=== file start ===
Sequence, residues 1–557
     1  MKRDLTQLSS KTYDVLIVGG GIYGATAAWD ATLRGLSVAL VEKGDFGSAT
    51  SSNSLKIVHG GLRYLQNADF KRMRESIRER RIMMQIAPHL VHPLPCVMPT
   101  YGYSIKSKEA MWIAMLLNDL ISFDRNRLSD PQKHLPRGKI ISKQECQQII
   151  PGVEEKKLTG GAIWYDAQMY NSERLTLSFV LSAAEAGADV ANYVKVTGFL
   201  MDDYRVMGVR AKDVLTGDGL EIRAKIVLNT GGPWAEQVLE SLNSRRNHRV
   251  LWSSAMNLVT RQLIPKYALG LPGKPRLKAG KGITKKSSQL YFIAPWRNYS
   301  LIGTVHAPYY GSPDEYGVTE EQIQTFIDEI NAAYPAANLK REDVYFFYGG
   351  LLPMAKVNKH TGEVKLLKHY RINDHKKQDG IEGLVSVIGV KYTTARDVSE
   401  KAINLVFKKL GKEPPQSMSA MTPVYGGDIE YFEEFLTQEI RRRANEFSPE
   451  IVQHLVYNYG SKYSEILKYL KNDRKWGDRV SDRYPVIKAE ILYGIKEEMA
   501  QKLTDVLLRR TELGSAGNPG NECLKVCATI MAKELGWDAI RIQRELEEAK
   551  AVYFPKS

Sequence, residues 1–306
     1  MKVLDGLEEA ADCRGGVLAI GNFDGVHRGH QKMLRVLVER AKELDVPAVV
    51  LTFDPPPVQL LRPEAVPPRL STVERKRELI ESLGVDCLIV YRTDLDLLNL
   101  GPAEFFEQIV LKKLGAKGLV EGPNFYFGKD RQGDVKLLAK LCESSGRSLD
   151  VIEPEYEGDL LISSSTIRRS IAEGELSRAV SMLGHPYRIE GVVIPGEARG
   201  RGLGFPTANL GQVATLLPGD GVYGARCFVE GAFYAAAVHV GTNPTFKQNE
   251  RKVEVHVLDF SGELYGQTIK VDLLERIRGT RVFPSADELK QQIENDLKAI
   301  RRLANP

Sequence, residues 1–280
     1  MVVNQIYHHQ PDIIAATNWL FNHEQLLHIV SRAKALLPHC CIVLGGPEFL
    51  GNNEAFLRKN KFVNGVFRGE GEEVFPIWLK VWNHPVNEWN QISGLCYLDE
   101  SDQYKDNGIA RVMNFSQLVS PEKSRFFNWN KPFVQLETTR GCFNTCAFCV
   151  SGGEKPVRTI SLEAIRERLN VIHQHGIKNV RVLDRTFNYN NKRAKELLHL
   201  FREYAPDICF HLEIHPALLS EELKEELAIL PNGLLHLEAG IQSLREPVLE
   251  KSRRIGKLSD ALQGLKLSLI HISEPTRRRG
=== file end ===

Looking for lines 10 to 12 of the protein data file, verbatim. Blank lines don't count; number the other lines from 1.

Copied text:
   401  KAINLVFKKL GKEPPQSMSA MTPVYGGDIE YFEEFLTQEI RRRANEFSPE
   451  IVQHLVYNYG SKYSEILKYL KNDRKWGDRV SDRYPVIKAE ILYGIKEEMA
   501  QKLTDVLLRR TELGSAGNPG NECLKVCATI MAKELGWDAI RIQRELEEAK